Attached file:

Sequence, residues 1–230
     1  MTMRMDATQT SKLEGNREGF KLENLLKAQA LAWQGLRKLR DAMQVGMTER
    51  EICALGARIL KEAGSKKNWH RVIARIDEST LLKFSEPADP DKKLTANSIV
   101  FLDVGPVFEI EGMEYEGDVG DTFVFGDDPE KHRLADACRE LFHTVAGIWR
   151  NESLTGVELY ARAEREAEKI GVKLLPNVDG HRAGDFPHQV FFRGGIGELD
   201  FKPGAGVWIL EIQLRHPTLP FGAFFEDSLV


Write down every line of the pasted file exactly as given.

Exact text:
Sequence, residues 1–230
     1  MTMRMDATQT SKLEGNREGF KLENLLKAQA LAWQGLRKLR DAMQVGMTER
    51  EICALGARIL KEAGSKKNWH RVIARIDEST LLKFSEPADP DKKLTANSIV
   101  FLDVGPVFEI EGMEYEGDVG DTFVFGDDPE KHRLADACRE LFHTVAGIWR
   151  NESLTGVELY ARAEREAEKI GVKLLPNVDG HRAGDFPHQV FFRGGIGELD
   201  FKPGAGVWIL EIQLRHPTLP FGAFFEDSLV